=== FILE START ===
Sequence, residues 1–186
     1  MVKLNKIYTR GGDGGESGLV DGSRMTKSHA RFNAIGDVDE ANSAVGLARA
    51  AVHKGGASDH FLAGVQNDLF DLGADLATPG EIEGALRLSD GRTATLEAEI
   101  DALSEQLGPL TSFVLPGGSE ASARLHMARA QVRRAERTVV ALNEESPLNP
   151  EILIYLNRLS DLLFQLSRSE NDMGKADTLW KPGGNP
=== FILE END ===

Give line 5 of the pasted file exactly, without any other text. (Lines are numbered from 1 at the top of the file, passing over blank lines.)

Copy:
   151  EILIYLNRLS DLLFQLSRSE NDMGKADTLW KPGGNP